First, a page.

Villiger - no question of abandoning banking secrecy
The finance minister, Kaspar Villiger, has stressed that Switzerland's banking secrecy laws are not up for discussion. His comments came during a meeting with his Austrian counterpart, Karl-Heinz Grasser, in Zurich.
The two men were in the Swiss city to sign a protocol on double taxation between the two countries.
They also discussed banking secrecy laws - which exist in both countries - and said the protocol represented a "coalition to maintain banking secrecy for the benefit of the investor."
The protocol abolishes the five per cent tax at source on dividends paid out to shareholders with at least a 20 per cent stake in a company.
For those with a stake of less than 20 per cent, the tax will be increased to 15 per cent, conforming with the regulations laid down by the Organisation for Co-operation and Development in Europe.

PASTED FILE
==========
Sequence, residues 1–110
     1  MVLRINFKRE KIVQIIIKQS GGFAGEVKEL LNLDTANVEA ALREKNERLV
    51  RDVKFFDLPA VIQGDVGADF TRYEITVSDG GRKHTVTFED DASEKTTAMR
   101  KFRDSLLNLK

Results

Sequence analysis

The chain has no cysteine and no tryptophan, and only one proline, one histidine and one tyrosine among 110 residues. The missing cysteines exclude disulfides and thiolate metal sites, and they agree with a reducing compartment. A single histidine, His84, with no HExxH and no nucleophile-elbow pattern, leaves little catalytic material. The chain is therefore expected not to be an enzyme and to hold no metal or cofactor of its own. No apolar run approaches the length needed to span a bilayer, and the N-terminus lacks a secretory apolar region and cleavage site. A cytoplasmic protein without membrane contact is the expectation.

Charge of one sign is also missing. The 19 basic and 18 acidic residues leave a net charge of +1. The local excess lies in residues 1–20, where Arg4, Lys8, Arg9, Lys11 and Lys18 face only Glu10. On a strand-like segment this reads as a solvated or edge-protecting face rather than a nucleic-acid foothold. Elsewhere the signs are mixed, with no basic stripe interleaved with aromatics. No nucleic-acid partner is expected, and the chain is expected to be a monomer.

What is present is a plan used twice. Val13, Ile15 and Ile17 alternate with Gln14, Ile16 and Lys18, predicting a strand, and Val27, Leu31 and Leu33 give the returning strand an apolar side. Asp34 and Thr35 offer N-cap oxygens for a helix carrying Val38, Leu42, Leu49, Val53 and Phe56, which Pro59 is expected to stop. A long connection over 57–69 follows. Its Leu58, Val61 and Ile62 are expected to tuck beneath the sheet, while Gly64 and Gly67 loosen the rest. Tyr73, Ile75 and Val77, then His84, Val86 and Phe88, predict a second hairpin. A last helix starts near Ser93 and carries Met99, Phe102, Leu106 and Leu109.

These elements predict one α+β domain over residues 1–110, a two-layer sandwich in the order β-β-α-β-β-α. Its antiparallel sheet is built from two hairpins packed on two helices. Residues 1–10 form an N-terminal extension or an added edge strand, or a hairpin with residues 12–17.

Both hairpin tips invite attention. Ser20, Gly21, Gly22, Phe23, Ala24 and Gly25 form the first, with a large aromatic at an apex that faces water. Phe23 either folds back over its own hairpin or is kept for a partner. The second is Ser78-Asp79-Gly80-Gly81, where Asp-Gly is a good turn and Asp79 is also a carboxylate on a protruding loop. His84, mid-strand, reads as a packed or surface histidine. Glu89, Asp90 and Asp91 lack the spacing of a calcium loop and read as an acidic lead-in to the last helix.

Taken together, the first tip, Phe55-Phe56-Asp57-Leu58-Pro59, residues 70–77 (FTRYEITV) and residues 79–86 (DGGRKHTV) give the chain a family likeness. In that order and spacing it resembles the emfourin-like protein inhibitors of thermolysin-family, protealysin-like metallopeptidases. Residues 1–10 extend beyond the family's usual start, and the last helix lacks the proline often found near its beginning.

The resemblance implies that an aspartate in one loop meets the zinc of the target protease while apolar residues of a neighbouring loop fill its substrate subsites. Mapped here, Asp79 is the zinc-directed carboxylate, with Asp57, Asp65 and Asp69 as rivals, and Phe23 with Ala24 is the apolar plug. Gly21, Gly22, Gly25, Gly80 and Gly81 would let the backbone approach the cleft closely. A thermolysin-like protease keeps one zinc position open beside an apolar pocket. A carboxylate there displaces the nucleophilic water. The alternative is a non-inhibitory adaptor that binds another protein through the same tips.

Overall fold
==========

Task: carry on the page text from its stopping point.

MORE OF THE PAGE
The finance ministry said the changes would make Switzerland more attractive to international businesses as they would benefit from the same reduction in the tax burden that already exists within the European Union.
Villiger repeated there was no question of Switzerland relinquishing its banking secrecy, although he said Switzerland understood that the EU wanted to clarify the tax on interest earned.
Grasser said that keeping banking secrecy did not represent a problem for his country, as Austria itself had both a system of tax at source and banking secrecy.
In June, EU countries concluded a draft to deal on the taxation of cross-border savings. Under the proposals, EU members would be able to exchange information on non-resident account holders to reduce tax evasion and help combat fraud and organised crime.
The deal is dependent on the EU persuading third countries, such as Switzerland, to adopt similar measures. Switzerland is not a member of the EU.
The agreement has been seen as a potential threat to Switzerland's banking secrecy, because close economic ties between Berne and Brussels are thought to give the EU considerable leverage.
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